Giving thanks |

Giving thanks

Kirk Webb / Special to the Post Independent
Staff Photo |

Fly-fishers are a unique breed.

They seem to always live life on the fringe; seeking solitude on the river during times often reserved for family, food, drinks and celebration.

Thanksgiving Day is no exception.

While most people are busy watching football games and sipping libations after stuffing their faces full of turkey and pumpkin pie, I and a few select others instead opt to head out on the river in the promise of feeding fish and empty rivers.

To put things in perspective a little bit, it would be like having an epic powder day on an empty mountain.

My friends, and others like us, cringe at the thought of being cooped up indoors on a holiday knowing that the rivers are full of unpressured, happily feeding fish.

Over the years, I’ve occasionally bumped into other house-broken fishing bums on the stream with the same intentions that I had; it’s a holiday, I bet the river is empty, I should go fishing.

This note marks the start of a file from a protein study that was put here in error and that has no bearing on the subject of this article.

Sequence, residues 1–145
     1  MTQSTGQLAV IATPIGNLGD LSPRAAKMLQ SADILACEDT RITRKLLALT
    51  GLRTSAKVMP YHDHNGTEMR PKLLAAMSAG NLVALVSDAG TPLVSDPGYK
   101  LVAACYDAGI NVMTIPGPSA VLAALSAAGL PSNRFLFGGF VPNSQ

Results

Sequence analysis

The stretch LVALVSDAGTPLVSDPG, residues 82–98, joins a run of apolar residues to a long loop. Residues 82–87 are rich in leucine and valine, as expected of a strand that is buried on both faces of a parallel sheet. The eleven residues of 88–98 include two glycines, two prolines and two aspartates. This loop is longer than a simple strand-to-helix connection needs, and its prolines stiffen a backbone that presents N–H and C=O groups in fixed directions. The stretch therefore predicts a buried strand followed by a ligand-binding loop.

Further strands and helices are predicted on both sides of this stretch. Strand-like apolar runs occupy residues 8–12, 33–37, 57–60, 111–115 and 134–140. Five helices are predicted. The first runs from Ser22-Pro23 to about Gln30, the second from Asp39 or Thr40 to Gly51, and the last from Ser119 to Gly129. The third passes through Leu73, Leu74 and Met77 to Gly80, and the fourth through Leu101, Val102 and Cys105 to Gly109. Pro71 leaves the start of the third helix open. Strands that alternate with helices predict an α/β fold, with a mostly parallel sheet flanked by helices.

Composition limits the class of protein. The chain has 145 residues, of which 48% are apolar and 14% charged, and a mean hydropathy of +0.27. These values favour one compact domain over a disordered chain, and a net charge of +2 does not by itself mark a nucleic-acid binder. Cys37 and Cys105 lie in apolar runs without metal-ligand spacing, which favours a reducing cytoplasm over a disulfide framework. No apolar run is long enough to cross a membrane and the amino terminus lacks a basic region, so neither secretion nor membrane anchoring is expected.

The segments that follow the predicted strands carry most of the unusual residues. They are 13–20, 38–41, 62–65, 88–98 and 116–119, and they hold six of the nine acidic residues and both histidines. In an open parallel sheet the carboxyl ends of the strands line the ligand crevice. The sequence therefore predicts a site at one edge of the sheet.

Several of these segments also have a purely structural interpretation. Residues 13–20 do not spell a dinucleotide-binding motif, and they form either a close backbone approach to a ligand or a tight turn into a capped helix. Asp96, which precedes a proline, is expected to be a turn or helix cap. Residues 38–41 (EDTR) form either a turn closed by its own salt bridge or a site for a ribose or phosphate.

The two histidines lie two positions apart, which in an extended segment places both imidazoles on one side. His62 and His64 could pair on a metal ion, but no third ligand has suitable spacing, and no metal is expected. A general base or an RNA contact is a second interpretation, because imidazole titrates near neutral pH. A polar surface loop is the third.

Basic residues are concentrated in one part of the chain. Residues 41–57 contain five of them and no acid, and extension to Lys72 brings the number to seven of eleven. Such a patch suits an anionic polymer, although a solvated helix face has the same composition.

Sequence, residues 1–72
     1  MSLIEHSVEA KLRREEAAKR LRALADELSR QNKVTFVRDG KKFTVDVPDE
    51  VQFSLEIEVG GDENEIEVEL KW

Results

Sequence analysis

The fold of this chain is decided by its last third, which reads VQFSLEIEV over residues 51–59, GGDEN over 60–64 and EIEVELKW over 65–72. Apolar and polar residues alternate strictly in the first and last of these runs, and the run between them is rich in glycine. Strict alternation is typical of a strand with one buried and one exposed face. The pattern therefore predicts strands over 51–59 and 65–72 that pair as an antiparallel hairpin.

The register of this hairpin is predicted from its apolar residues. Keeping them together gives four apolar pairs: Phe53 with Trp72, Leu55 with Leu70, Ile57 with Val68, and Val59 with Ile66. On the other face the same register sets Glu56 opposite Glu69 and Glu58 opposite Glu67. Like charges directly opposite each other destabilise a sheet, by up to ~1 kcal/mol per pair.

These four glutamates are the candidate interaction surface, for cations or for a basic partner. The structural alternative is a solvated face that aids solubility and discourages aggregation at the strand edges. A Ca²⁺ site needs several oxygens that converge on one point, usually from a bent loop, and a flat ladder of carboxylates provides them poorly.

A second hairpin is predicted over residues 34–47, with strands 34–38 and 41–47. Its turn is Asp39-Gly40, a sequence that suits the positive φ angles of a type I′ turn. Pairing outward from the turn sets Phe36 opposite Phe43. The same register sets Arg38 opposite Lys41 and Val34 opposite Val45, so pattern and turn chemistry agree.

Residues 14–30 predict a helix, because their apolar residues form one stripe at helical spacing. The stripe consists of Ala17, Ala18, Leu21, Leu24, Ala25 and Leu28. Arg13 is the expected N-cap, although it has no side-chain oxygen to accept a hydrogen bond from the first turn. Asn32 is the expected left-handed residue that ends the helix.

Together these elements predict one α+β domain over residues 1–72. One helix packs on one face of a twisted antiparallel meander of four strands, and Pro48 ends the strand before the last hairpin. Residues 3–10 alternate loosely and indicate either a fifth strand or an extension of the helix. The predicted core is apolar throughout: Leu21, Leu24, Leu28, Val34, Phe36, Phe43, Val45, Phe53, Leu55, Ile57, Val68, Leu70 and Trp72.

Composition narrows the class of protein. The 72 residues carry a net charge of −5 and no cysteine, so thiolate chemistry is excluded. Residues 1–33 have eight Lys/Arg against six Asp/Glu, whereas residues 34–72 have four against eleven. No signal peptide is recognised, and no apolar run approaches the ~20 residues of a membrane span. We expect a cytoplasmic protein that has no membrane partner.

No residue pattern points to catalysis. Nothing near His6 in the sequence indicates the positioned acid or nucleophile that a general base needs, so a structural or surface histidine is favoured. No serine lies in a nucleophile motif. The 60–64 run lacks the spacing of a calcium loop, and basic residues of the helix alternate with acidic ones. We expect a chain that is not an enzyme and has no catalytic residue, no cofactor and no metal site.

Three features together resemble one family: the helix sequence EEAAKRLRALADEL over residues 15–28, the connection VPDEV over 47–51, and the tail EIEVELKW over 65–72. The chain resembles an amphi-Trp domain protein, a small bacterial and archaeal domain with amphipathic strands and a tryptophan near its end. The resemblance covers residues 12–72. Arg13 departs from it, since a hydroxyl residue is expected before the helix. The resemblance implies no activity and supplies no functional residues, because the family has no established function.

Though we’re all here for the same reason; fishing and solitude, it never ceases to amaze me that fly-fishers are a warm, heartfelt group of outsiders, whom when confronted on the river during a holiday (or blizzard, rain storm etc.) are always full of exuberance and life.

There’s just something special about knowing that while everybody else is indoors, we’re outdoors.

This shared bond is more powerful than you might think, often turning strangers into instant friends.

After the usual in-stream meet and greet, we exchange a quick holiday cheer with one another, ask each other how the fishing is, and eventually, as the day plays out, a sort of loose camaraderie often develops.

If fishing close to one another, we might rejoice in each other’s successes when a big or hard-earned fish is caught.

Then again, on the opposite side of the equation we might give sympathy to one another when a large fish is lost.

Words should always kept to a minimum on the stream, but by the end of the day, we might share a nip or two to shake off the cold and congratulate each other on escaping the rat race of the holidays to enjoy the unplanned company of one another.

All of us have a lot to be thankful for, no matter how you choose to spend your Thanksgiving.

A little bit of company (and booze) is always welcome to rejoice in yet another year of fishing looming on the horizon.

— This column is provided every week by Taylor Creek Fly Shops in Aspen and Basalt. Taylor Creek can be reached at (970) 927-4374 or

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